• Remove any leaves that are deviated from their natural shape.
  • But make sure you are not removing too many leaves, have at least 4 to 5 leaves on the plant.
  • Always use good quality sharp and sterile tools while pruning to avoid further infection.
Anthurium Angamarcanum in a Pot
Anthurium Angamarcanum brown leaves (Source: Reddit)

9. Potting and Repotting Anthurium Angamarcanum

Anthurium angamarcanum is a slow to moderately growing plant that grows a few inches every year, although the leaves can be quite big.

Repotting isn’t necessary until the plant’s roots outgrow the pot. It generally does not happen until the first 2 or 3 years of potting the plant.

Anthurium angamarcanum loves to stay root-bound. It would not like being relocated too quickly to a larger pot.

You can repot your Anthurium any time of the year, but doing it from spring to mid-summer will be better as it is the time when the plant grows vigorously.

The plant grows best in a netted-plastic pot of about 5-8 inches. If you are repotting the plant, use a slightly bigger pot.

In the case of a regular pot, go with ceramic or terracotta pots for better drainage and a stable base.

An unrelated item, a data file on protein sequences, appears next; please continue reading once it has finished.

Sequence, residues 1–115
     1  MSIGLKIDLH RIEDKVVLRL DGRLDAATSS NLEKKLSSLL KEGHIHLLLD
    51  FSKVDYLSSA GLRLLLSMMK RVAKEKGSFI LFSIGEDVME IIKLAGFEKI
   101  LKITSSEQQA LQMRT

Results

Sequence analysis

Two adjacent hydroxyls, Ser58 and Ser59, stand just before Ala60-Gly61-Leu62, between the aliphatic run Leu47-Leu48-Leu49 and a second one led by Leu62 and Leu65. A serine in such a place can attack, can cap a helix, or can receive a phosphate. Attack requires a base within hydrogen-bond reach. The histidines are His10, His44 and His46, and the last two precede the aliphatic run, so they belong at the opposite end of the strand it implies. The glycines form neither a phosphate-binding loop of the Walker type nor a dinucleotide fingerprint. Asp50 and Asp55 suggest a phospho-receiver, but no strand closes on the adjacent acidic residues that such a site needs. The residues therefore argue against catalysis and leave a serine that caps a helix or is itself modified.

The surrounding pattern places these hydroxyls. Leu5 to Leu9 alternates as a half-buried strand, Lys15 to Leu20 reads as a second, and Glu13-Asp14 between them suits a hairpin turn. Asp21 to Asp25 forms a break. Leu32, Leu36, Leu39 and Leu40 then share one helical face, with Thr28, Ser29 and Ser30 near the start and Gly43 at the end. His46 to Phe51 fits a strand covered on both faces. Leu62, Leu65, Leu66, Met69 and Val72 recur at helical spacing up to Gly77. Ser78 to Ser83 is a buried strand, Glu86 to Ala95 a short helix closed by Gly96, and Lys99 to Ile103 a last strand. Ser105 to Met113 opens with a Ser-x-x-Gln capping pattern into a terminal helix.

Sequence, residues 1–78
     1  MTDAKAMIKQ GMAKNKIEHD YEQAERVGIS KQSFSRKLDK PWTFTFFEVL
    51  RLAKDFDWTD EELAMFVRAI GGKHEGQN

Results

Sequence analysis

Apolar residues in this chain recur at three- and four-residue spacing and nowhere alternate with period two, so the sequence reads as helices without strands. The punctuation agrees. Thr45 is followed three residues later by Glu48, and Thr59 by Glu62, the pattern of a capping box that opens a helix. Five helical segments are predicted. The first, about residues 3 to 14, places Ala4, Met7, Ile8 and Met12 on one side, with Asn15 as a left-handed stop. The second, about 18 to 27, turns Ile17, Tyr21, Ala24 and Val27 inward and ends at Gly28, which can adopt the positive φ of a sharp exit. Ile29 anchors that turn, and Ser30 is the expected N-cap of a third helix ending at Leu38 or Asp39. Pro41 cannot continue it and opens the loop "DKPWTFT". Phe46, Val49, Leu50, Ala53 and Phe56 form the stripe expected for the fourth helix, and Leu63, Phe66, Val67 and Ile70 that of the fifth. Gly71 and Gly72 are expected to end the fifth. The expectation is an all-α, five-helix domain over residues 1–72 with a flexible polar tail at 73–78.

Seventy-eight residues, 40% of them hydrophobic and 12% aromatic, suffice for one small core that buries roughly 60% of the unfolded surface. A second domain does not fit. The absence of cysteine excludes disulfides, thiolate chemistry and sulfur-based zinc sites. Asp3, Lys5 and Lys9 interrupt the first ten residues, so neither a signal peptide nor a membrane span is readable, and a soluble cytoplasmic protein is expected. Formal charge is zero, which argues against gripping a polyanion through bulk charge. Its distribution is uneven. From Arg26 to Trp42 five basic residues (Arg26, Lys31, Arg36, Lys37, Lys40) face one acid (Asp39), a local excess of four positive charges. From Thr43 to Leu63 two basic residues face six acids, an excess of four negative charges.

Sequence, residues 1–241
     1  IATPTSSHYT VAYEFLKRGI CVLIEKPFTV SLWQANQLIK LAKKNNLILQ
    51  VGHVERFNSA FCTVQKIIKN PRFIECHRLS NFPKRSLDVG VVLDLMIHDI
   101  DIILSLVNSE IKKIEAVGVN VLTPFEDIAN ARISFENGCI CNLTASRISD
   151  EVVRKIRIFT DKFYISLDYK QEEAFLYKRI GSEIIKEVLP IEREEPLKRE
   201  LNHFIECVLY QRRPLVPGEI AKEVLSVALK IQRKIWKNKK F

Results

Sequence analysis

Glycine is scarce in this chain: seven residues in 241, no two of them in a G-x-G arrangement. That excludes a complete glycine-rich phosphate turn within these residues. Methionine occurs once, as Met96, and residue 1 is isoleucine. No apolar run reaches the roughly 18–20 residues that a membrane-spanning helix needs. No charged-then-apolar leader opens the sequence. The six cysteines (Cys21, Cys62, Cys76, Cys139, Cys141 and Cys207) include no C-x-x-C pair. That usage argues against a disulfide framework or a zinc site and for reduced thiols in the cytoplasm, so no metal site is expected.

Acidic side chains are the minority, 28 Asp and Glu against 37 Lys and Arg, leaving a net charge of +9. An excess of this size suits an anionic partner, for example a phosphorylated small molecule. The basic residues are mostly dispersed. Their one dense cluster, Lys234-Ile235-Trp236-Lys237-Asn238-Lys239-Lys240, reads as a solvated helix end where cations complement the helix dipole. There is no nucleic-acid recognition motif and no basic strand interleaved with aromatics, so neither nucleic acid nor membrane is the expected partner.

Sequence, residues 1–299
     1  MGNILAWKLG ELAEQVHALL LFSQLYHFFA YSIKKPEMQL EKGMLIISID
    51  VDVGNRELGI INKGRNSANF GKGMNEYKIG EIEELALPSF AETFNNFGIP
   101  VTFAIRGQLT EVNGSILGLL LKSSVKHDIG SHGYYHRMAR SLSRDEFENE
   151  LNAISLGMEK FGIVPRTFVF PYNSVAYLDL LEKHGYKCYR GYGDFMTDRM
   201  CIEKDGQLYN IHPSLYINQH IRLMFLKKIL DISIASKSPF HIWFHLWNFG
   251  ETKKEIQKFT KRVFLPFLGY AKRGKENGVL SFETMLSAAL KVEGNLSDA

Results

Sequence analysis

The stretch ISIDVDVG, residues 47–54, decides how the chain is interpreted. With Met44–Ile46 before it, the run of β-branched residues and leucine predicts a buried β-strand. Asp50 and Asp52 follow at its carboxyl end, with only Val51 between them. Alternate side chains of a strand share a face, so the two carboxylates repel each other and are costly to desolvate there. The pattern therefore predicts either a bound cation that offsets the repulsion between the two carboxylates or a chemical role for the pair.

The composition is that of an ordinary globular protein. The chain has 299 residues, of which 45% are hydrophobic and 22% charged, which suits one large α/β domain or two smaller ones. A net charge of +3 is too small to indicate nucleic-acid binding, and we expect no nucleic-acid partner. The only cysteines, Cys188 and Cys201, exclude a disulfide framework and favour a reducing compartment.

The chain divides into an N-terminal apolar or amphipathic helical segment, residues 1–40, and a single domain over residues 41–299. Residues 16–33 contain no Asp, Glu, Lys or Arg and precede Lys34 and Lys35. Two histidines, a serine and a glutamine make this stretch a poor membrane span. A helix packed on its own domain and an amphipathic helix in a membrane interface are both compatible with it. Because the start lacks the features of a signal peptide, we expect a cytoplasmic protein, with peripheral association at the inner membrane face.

A woman repotting plants
Repotting Plants (Source: Unsplash)

Signs to Repot Anthurium Angamarcanum

  • When the roots grow out from the drainage hole, it’s time to repot the plant
  • The container or pot starts getting bent or cracked
  • The leaves start turning yellow
  • Roots circle around the surface of the soil

Steps to Repot Anthurium Angamarcanum

  • Get a slightly bigger pot, about 2-3 inches bigger than the current one.
  • Cover the drainage hole with a piece of paper towel or a mesh to avoid the soil to drain through the hole.
  • Water the plant thoroughly before repotting.
  • Slide the plant out gently and rinse the roots with water to look for indications of root rot.
  • Using a sterilized pruning shear, remove browning or mushy roots.
  • Fill the pot with a suitable soil mix and place the roots in the pot at the same depth as the previous container.
  • Fill the container with potting soil and water it thoroughly to hydrate it.

Toxicity of Anthurium Angamarcanum

Anthurium angamarcanum is toxic, with calcium oxalate crystals in its leaves and poisonous sap in the steam. So, you would want to keep your pets and toddlers away from the plant. 

The plant can cause skin irritation when touched, but it gets dangerous when swallowed or ingested.